I'm no expert now by this is what worked best for me. Good luck
 

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The problem is basically this - you have not trained your dog adequately but you expect the dog to respond to commands even though you have not adequately taught the behaviors in the first place. How can a dog do something it hasn't learned to do?

No need to be ashamed, since I think you share the same problem as 95% of dog owners out there, only some of the dogs out there seem to respond well despite their owner's training shortcomings.

Check out kikopup videos on youtube demonstrating some common training methods like recall.
 

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Conventional training suggests that first you teach the behavior, such as Sit or Come.
Then you teach it in different locations.
Then, you re-teach with distractions.
Then, you teach with distance.
Each incremental time, you start from the beginning, and each time the dog will learn faster.
 

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Hmm...I think you should maybe try:
1. when you train a dog, once you know he has learned the behaviour (i.e. does it 9/10 times with verbal and hand signal cue), then randomize when you give them treats. That way, they never know when they will get one! Treats may also not be reinforcing for him - his reward may be play, attention, petting, fetch - you have to figure out what your dog is willing to work for.
2. He shouldn't be off leash if he's not reliable on recall. Maybe in a fenced area, but even then, if there are other dogs and people around, he shouldn't be off leash if you aren't 100% in control.
3. Make sure you get him to perform the request if he doesn't comply. If you ask him to come, and he doesn't, you need to either start running away from him and get him to chase you down, or start recall training from square one (i.e. he doesn't know what come means). Again, this behaviour is best learned with SUPER reinforcing treats and rewards.

If your dog is not listening to you, try to implement "Nothing in Life is Free". So, before he gets any meals, playtime, attention, affection, pets, treats, he needs to perform some kind of behaviour (sit, stay, paw, shake, etc). Particularly before meals, they will be more likely to comply. He will soon learn that it's worthwhile and pleasing to listen to you! Try not to get frustrated around your dog, or exhibit negative/stress behaviours and attitudes, as dogs really pick up on that, and tend to prefer people who exhibit calm, relaxed states.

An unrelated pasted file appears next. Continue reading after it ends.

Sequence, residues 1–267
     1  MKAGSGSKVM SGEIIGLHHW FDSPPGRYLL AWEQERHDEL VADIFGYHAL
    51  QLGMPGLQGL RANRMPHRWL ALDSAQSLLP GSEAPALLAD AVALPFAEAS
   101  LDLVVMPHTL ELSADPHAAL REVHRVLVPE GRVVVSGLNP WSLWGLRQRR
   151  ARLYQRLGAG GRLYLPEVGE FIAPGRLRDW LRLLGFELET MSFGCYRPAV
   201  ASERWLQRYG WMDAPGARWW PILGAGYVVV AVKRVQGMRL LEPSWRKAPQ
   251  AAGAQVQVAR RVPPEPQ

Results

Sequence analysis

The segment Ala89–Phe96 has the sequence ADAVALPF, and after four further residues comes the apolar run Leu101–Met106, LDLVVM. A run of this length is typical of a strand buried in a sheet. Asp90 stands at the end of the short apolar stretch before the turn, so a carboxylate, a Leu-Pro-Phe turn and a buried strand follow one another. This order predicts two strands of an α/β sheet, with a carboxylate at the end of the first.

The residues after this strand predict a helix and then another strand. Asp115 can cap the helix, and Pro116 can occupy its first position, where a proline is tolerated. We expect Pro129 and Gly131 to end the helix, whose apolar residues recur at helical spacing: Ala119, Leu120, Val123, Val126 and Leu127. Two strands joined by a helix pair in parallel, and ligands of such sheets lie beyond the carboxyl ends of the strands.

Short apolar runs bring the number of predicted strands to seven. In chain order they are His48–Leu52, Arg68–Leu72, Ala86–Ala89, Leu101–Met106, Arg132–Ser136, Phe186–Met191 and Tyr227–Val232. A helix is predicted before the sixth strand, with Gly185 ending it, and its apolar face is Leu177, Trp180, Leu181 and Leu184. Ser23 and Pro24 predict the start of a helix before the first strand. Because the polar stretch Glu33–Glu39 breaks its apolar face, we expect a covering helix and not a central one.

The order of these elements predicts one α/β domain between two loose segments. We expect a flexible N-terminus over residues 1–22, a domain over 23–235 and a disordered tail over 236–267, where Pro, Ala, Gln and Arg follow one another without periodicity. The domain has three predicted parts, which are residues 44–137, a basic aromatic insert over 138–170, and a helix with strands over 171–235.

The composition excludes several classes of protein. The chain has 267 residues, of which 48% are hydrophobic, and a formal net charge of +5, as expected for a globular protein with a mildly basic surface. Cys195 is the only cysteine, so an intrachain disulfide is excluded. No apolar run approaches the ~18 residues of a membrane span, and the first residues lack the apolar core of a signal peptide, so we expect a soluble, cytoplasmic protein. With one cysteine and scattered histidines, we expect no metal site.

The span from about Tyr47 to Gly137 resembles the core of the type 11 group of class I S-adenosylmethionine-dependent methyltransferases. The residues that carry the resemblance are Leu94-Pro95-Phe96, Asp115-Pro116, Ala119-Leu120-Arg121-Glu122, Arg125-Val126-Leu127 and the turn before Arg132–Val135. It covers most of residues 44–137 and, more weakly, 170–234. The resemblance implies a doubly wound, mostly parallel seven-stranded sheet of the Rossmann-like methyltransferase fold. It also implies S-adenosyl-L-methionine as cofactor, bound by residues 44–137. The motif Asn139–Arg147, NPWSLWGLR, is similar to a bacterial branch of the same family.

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I agree with others, it's not that the dog ignores you, it's that he's not fully trained. This is a common problem because people don't know what's really involved in dog training. "Hey, I got him to sit a few times in the living room, he knows sit now! Why won't he sit in the kitchen? He must hate me."

The problem is, dogs don't generalize. You and I know that "sit" means "butt on the floor in every and any situation", but to a dog, sit means sit on rugs, sit in this room, sit for this person. You have to train every situation separately. Obviously, they pick it up faster each time, but it is a total retraining.

As for not performing without treats, you need to fade the treats to prevent this. Eventually, you're reinforcing randomly, which is a very powerful form of reinforcement. (If you want to see evidence of the power of random reinforcement, check out a casino.)

This is all fixable, really. It's completely normal stuff that just needs a little effort on your part to resolve.
 

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I agree with the others, and would also suggest you consider training the concept of "voluntary attention" with a clicker. You start by clicking/rewarding when the dog looks at you (or even visibly pays attention to you at all, at first) without your having said the dog's name. No command at all. Then you walk with the dog on a leash, stopping often, and click/reward the dog when he looks at you when you stop. Then you walk with the dog on a leash, still stopping often, but this time you wait for the dog to sit (without you giving a command). Repeat, repeat, repeat. Eventually, you can put "sit" on command this way. I'm explaining this in a very cursory way, but it really is simple to put in practice.